Hong Kong Protests

A masked protester sets fire to a China 70th anniversary celebration banner in Hong Kong, Friday, Oct. 4, 2019. Hong Kong Chief Executive Carrie Lam announced that protesters are banned from wearing masks to conceal their identities in a hardening of the government's stance against the 4-month-old demonstrations. (AP Photo/Kin Cheung)

It’s dangerous to care.

In thenited States, we often tend to associate danger with the increased frequency of mass shootings or hate crimes  that are provoked by a variety of factors. However, although we have experienced great hardships as a population, many of us don’t know what it’s like to put our lives on the line for a cause. Unfortunately, this may change soon. 

Across the globe, journalists and activists are being injured or killed for standing up for what they believe in. On June 28, 2018, five people were shot dead  at the Capital Gazette Newsroom in Annapolis, Maryland, over a defamation lawsuit from 2012. Four of them were journalists, one of them was an Alligator alumnus and none of them were directly responsible for “defacing” the gunman. Now more than ever, it seems like you can’t be completely safe anywhere. 

Despite tragedies like this, compared to some other countries, the U.S. is regarded as a safe place for journalists.

According to the Committee to Protect Journalists, between 1992 and 2019, only 14 journalists were killed in the U.S. On the other hand, 116 journalists were killed in Mexico, and this number is increasing. On Saturday, a National Geographic journalist was shot in Juárez, Mexico, while interviewing a drug dealer.  While this attack was not aimed at the journalist, other journalists pursuing stories about corruption and human rights are often targeted for their involvement. And now, even people outside the field are being targeted. 

Activists from around the world are being killed while fighting for their causes, and it seems like the people who are supposed to protect them in the first place are causing this.  

Protests can be dangerous places as well. Another unfortunate event occurred Saturday, when the death toll in an anti-government protest in Iraq reached nearly 100 people. More than 3,000 people had been injured as of Saturday, and the police continue to use live rounds in an effort to control the crowd.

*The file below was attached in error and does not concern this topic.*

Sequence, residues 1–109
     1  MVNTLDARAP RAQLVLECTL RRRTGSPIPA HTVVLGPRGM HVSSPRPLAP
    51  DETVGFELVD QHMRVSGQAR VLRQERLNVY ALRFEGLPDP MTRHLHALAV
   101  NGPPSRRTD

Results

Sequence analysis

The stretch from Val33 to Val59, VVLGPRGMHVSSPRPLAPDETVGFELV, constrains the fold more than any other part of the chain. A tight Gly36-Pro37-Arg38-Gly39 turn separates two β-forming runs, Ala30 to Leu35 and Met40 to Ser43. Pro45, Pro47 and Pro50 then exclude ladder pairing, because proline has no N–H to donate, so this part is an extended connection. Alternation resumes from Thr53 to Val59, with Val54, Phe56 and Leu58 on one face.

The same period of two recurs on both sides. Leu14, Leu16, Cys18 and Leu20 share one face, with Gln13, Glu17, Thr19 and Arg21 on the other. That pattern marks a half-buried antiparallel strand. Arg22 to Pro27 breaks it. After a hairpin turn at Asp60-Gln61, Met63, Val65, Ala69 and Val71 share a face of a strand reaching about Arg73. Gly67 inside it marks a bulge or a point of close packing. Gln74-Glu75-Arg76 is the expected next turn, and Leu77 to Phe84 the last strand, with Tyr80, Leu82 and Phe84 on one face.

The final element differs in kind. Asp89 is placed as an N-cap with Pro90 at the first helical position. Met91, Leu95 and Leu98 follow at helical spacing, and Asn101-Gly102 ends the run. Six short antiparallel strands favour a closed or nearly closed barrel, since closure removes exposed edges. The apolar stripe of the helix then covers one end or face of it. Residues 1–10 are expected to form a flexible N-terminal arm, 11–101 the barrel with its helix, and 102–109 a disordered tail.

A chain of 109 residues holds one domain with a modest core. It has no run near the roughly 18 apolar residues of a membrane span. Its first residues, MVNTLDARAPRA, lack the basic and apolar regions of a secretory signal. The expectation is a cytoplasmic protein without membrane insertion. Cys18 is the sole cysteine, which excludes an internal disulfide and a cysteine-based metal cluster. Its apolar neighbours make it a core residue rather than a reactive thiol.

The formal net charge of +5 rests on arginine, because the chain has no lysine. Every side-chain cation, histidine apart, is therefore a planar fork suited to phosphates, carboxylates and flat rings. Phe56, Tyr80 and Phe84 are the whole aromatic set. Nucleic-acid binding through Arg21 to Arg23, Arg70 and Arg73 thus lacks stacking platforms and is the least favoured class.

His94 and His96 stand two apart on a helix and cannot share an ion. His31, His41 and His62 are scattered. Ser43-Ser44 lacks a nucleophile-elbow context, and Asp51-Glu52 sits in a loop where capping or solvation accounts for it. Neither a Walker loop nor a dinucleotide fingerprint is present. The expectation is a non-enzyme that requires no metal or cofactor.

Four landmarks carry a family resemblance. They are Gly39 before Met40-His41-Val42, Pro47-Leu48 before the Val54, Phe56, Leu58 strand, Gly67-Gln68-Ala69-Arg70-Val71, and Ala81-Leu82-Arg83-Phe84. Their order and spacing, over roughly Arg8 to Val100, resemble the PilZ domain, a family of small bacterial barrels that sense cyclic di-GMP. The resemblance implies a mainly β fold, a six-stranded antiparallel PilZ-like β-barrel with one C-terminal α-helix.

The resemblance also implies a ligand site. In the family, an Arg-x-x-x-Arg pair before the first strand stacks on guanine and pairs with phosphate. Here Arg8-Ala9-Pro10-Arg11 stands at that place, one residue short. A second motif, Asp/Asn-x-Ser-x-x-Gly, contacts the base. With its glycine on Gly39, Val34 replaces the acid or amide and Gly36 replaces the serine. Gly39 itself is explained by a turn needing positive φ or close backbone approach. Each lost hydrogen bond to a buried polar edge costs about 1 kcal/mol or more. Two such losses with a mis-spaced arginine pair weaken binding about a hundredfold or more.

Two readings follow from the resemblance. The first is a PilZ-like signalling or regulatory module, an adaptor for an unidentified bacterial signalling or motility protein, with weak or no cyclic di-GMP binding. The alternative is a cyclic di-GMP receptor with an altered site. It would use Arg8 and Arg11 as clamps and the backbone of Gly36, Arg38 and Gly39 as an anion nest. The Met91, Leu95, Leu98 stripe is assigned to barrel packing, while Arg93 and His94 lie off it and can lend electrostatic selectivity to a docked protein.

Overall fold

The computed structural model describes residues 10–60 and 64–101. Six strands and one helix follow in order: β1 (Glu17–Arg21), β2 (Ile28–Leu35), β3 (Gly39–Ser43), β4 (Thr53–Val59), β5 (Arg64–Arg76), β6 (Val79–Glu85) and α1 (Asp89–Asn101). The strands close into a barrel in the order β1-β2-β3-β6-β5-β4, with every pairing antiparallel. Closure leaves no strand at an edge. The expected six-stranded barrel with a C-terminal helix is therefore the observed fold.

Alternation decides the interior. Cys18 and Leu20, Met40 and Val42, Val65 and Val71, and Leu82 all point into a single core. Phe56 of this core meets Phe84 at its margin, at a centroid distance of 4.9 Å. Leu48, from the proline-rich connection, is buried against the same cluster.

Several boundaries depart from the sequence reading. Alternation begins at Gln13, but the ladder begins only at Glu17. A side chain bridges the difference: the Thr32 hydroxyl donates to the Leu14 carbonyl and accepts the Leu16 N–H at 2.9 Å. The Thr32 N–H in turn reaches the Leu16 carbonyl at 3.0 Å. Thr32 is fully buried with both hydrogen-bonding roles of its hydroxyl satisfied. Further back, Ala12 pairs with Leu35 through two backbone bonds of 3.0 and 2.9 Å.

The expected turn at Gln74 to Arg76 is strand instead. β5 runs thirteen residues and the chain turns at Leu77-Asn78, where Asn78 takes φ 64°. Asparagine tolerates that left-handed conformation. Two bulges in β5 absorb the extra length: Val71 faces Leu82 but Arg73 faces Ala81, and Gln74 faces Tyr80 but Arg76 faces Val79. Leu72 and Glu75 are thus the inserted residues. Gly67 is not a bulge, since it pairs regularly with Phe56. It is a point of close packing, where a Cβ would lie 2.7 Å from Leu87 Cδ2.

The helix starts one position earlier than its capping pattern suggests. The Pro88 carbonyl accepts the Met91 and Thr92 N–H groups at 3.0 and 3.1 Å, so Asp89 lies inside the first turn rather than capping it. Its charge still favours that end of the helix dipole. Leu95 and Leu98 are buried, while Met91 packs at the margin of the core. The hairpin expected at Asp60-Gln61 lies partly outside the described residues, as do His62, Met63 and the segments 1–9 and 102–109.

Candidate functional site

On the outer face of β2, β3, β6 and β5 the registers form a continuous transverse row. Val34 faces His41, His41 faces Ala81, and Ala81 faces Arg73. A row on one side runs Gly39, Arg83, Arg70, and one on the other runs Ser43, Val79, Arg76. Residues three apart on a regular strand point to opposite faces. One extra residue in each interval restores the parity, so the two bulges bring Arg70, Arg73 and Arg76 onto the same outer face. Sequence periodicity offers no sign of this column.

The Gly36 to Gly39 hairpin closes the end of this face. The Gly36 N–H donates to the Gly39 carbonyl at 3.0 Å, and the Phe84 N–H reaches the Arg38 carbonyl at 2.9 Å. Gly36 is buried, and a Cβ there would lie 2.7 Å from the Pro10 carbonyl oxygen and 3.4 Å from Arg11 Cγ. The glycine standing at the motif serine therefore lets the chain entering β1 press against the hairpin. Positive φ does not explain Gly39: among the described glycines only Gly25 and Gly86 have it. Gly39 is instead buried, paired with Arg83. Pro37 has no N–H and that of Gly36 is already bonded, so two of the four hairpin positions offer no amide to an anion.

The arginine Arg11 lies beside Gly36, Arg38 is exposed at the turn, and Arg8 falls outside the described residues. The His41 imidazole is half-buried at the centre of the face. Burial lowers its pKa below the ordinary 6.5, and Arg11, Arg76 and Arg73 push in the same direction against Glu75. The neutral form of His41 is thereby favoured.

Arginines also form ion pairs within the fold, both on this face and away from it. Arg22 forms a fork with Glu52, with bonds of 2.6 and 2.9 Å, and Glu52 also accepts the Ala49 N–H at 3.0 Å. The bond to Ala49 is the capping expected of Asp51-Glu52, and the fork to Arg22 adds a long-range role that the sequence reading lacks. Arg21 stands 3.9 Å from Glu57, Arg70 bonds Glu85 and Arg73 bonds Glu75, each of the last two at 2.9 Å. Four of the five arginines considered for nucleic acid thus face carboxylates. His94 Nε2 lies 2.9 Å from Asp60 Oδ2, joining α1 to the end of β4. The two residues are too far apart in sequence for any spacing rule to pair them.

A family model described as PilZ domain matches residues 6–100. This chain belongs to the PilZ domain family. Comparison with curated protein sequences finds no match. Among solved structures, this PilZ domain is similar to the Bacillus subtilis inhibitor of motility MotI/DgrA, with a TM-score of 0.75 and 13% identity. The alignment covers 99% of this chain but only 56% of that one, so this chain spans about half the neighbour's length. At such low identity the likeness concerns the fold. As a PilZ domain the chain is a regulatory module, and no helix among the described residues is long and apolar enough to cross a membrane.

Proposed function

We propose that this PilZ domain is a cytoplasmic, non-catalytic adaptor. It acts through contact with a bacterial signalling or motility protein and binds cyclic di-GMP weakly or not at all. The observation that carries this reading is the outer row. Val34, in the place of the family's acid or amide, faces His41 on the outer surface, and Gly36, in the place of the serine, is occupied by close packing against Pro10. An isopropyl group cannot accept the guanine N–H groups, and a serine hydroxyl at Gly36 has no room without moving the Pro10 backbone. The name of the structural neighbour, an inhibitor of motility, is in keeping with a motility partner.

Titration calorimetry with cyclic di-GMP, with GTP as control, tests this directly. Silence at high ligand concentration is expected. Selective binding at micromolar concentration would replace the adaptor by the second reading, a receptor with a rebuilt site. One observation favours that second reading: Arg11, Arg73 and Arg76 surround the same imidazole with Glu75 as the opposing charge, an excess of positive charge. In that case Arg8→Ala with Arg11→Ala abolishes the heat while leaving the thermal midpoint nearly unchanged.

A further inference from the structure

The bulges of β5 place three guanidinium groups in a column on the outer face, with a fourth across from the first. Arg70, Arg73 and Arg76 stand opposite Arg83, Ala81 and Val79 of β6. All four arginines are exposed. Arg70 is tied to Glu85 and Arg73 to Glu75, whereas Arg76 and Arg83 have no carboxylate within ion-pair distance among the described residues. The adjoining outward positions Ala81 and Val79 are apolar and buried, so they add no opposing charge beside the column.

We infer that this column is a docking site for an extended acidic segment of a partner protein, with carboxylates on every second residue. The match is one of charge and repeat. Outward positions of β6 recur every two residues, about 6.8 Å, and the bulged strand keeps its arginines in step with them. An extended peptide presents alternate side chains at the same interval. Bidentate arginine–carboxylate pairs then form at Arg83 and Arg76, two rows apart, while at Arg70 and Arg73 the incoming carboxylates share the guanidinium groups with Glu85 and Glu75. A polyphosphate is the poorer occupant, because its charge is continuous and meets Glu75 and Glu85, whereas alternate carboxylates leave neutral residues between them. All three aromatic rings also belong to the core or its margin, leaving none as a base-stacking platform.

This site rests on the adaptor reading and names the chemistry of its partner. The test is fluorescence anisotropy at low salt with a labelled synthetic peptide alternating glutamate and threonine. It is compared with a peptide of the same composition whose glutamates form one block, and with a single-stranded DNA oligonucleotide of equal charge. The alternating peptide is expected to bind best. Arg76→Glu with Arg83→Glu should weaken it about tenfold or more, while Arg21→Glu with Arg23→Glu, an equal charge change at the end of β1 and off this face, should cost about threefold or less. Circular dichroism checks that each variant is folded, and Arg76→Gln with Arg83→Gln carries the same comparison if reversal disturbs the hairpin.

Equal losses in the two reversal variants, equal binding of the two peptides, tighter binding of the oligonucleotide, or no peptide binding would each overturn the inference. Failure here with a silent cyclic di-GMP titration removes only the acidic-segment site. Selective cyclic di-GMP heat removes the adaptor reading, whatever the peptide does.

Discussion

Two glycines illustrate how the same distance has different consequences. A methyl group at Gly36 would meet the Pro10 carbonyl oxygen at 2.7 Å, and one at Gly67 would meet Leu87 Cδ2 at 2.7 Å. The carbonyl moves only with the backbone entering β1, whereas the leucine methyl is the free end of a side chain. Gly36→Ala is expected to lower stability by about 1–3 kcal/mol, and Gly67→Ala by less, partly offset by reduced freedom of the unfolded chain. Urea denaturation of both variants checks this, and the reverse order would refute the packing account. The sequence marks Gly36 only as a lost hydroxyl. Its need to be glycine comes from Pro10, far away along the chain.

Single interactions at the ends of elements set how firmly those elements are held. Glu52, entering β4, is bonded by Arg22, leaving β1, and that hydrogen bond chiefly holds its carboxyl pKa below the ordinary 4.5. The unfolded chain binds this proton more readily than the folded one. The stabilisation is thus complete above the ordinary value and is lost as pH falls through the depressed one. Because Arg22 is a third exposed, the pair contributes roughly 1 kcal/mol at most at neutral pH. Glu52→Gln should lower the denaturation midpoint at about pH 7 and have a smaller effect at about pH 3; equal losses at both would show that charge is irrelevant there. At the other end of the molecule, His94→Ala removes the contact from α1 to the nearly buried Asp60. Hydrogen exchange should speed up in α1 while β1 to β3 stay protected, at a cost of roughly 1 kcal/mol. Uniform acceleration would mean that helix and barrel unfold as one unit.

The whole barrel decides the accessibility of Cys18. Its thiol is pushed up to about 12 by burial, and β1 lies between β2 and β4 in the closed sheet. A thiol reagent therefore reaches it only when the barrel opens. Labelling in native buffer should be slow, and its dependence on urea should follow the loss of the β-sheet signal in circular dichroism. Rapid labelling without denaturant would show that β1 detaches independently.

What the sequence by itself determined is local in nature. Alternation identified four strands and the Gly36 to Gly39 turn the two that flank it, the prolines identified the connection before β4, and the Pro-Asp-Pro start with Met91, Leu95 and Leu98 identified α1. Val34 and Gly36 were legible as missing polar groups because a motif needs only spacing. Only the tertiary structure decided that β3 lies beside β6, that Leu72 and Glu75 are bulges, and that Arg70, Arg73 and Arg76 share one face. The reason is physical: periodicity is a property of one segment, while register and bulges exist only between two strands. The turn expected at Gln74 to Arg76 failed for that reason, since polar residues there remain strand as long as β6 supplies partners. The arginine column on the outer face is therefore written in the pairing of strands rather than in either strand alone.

Maybe if governments started listening to their people, police forces wouldn’t resort to using bullets. 

Unfortunately, it seems more than one country is having hearing issues. This past Tuesday, a Hong Kong police officer shot a protestor in the chest with a live round. This came after months of protesting, and ironically, it came on the same day that China celebrated 70 years of communist rule. Leave it to the Chinese government to show its strength by harming someone who wants to leave it.

Could it be that the Chinese government has some dependency issues? Maybe. Does that mean it gets to harm the people that it’s supposed to protect? Of course not. We’ve all had some difficult relationships, but most of us know when it’s time to let go. 

In the case of “who hurt who first,” protesters aren’t exactly guilt-free. In both China and Iraq, protestors have been using violent tactics in order to get the attention of their government. In Iraq, demonstrators have set fire to the headquarters of six different political parties. In China, they have vandalized many subway stations or stores that appear to be pro-government.

Despite this, the amount of violence used against protestors is concerning. In Iraq, authorities have accused an unidentified sniper of shooting into a crowd of protestors. In China, a taxi driver drove into a crowd of protesters, and a man was beaten by a mob afterward. In both cases, it seems like citizens tried to enact justice based on their own ideals, but they took action in radical ways.

The world is a dangerous place when you have an opinion. If you choose to fight for something you believe in, make sure you’re prepared for the cost. 

The Editorial Board consists of Zora Viel, Opinions Editor; Amanda Rosa, Editor-in Chief; Kelly Hayes, Digital Managing Editor; and Tranelle Maner, Engagement Managing Editor.